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First year CTE doctoral students are required to take:
By the end of the second year, students are expected to have finished the Methodology Core: EDUC 400A (formerly 200C), 400B (formerly 250B), 450A (formerly 250C), and an additional research methods course of their choosing (this course should be at or above the 200 level and be a minimum of 3 units). Also see the relevant sections of this Handbook for more details.
These are the only course requirements for CTE students. Students work with their advisors to develop their Graduate Study Program (“GSP”).
Course offerings within CTE:
See the First-Year Review section for review requirements that apply to all Areas. The CTE review portfolio should contain the following materials:
Students are responsible for assembling copies of this portfolio and delivering them, two to three weeks in advance of the review, to the faculty members participating in the review. Students should check with faculty to determine how far in advance of the review meeting the portfolio should be delivered and whether faculty request a hard copy or emailed version.
The student’s advisor and at least one other faculty member selected by the advisor and the student will meet to discuss and review the portfolio. The review will conclude with an appraisal of the portfolio and an assessment of the student’s prospects for completing the doctoral program. The student’s advisor will complete a Preliminary Review Evaluation form, based on a personal review and the other reviewer’s feedback from the First-Year Review. The student will forward the signed GSP and Preliminary Review Evaluation form to the Doctoral Programs Officer.
After the Area Chair has reviewed the preliminary GSP and evaluations of the First Year Review committee, the results will appear on the students’ record on Axess.
If the Area Chair does not approve the preliminary GSP, it will be returned to the student with a letter indicating the required additions and/or corrections. After the appropriate changes have been made in consultation with the advisor, the GSP should be returned to the Doctoral Programs Officer who will forward it to the Area Chair for further review.
The Second-Year Review is the qualifying process for advancement to doctoral candidacy. (See the Second-Year Review section for review requirements that apply to all Areas.) It is also known as the Sixth-Quarter Review. A committee of three faculty members appraise the student’s research skills and preparation for work on the doctoral dissertation. The Second-Year Review should be scheduled prior to the first day of the seventh quarter (see the Second-Year Review section for more details on this policy). It is possible to request an extension with advisor approval to do the Second-Year Review during the seventh quarter; see the Doctoral Forms page for the Second-Year Review Extension form. Note: the Second-Year review and Dissertation Proposal Hearing cannot happen within the same meeting.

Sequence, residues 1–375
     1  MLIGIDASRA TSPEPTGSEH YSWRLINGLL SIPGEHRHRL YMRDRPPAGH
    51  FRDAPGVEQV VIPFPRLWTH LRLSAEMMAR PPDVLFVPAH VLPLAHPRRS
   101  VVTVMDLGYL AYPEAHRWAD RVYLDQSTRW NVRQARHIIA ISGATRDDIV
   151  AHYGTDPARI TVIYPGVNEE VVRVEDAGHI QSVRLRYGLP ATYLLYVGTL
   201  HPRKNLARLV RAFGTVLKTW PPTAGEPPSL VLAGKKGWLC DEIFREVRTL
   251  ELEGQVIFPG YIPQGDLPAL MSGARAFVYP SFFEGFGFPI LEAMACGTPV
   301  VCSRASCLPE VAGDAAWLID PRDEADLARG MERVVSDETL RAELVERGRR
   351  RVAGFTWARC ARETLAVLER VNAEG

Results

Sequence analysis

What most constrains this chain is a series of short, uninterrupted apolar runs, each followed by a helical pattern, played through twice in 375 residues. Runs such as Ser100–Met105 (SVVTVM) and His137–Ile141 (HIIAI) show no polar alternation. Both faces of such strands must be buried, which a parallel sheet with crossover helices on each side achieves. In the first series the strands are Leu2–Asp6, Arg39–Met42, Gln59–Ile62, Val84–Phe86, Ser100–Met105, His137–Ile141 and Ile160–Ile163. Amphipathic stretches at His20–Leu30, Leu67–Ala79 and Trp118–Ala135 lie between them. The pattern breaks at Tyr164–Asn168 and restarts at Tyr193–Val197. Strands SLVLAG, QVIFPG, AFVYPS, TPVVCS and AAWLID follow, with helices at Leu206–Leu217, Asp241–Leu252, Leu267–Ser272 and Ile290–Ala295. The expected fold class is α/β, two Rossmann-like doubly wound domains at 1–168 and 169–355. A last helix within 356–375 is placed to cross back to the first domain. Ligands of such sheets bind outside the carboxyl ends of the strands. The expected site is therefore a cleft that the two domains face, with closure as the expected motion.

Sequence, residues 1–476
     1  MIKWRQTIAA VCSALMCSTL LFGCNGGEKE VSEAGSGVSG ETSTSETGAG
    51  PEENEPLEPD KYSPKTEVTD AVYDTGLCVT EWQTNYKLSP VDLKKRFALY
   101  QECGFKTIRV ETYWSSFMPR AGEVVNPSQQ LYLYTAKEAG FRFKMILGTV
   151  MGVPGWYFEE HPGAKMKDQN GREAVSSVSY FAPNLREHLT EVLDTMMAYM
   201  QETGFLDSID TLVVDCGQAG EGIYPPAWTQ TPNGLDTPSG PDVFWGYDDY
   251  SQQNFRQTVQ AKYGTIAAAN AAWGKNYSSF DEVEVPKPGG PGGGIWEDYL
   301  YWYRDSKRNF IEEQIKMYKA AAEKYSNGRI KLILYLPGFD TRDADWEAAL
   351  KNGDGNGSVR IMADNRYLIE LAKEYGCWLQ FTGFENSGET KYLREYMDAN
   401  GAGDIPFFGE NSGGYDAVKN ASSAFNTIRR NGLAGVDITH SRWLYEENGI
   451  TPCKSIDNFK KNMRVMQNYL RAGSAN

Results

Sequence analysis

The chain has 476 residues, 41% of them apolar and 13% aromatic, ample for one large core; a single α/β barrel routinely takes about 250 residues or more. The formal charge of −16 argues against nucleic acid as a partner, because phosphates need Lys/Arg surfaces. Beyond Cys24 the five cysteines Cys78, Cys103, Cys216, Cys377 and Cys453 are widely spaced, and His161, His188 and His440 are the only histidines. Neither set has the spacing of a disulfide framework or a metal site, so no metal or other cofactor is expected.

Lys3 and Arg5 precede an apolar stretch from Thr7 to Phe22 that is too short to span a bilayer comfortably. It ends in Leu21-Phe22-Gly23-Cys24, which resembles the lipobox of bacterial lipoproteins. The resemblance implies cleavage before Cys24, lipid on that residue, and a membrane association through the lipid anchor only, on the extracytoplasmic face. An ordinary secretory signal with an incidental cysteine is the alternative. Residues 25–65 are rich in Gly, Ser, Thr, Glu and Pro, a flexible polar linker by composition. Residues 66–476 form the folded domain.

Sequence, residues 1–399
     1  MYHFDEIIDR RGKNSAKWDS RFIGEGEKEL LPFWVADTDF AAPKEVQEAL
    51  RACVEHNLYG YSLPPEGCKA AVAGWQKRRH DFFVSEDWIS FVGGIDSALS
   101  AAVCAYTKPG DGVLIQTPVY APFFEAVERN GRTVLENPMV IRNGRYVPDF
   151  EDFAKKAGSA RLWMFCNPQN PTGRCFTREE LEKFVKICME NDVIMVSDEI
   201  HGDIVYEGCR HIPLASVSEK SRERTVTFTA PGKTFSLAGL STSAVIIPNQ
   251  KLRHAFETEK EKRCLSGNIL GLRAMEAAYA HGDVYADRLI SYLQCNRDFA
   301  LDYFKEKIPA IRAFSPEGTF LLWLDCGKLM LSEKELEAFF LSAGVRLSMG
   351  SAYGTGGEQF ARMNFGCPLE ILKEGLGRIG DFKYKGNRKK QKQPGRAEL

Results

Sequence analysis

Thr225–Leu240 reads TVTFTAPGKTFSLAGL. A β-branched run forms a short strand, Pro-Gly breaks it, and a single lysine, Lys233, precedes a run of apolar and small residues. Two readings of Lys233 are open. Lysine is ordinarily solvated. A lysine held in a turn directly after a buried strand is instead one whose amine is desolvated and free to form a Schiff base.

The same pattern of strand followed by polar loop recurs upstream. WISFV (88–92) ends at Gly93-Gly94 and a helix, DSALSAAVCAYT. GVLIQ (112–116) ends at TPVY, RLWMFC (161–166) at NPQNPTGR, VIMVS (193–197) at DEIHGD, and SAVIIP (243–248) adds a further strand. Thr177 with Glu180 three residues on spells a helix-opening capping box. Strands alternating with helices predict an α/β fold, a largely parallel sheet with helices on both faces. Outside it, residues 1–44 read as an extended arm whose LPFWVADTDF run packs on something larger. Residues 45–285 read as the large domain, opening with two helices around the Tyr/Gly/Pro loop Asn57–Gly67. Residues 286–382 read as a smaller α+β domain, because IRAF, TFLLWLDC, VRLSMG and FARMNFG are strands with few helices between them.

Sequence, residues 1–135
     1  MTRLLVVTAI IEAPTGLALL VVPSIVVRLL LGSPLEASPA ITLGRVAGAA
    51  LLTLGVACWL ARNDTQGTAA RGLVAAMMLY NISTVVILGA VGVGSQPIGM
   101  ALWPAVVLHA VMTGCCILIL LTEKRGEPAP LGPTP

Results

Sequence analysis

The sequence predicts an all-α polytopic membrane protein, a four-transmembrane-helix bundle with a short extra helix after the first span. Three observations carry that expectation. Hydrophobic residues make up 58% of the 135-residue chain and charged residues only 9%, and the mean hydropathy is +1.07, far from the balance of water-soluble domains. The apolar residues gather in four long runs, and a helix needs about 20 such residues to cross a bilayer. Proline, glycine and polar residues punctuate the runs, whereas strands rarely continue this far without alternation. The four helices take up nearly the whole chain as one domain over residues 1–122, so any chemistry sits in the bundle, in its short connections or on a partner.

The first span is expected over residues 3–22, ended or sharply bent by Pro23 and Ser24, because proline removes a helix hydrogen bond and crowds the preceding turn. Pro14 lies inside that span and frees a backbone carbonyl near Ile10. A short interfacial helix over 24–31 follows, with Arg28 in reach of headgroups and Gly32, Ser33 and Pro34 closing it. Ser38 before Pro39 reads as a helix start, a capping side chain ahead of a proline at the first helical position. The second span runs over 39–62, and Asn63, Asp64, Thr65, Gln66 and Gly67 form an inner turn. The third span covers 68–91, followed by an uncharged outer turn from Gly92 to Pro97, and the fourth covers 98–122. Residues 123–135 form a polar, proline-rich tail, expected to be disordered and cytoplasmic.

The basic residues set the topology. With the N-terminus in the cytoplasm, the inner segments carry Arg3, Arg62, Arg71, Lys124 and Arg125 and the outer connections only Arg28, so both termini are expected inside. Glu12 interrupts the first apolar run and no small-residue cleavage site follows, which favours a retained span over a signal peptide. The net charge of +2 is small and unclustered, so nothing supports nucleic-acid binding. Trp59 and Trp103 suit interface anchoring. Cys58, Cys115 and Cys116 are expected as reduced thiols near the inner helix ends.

For the Second-Year Review, the advisor and two other faculty members, selected by the advisor and the student, will review a portfolio of material including the following:
The doctoral qualifying paper (or QP) has two purposes: The first is to provide the student with direct experience in conceiving, designing, carrying out, and writing up an original piece of research before the student sets out on his or her dissertation. The second is to demonstrate that the student is capable of undertaking a doctoral dissertation that meets the academic standards of this university. (See "GUIDELINES FOR CTE QUALIFYING PAPER" for more detailed information about the content and expectations for the QP.) See in FAQs below, "Where can I find examples of successful QPs?" for location of guidelines on the GSE site.
The qualifying paper (QP) must be a work of original research. In carrying out the QP study, the student should address a research question by collecting and analyzing original data or primary materials, or by analyzing an existing data set. In structure, format, and length, the QP should be modeled on articles in a scholarly journal that the student, in consultation with the adviser, has identified as appropriate for the research undertaken. The student should be able to identify at least one published article that has served as a guide or model for the present paper. The QP should adhere to publication guidelines of the identified journal; thus length and format of papers may vary. Except in exceptional circumstances, the QP should not exceed 60 double-spaced pages.
The committee reviewing the QP can reach one of the following four possible decisions:
Although students are encouraged to be thinking about possible research topics from the time they begin the doctoral program, work on the QP commences in the spring of the first year, in EDUC 424. In that course students will read extensively in areas that they would like to explore for possible QP research topics. Students will read articles in detail, study how educational researchers report their findings, and review research in an area of interest. By the end of that course students should be familiar with at least one area in some depth, although not necessarily exhaustively. Students will at a minimum have identified possible questions they might pursue initial study designs. Depending upon how clear or focused the students’ research interests are, they may also be able to begin drafting a proposal for the possible study.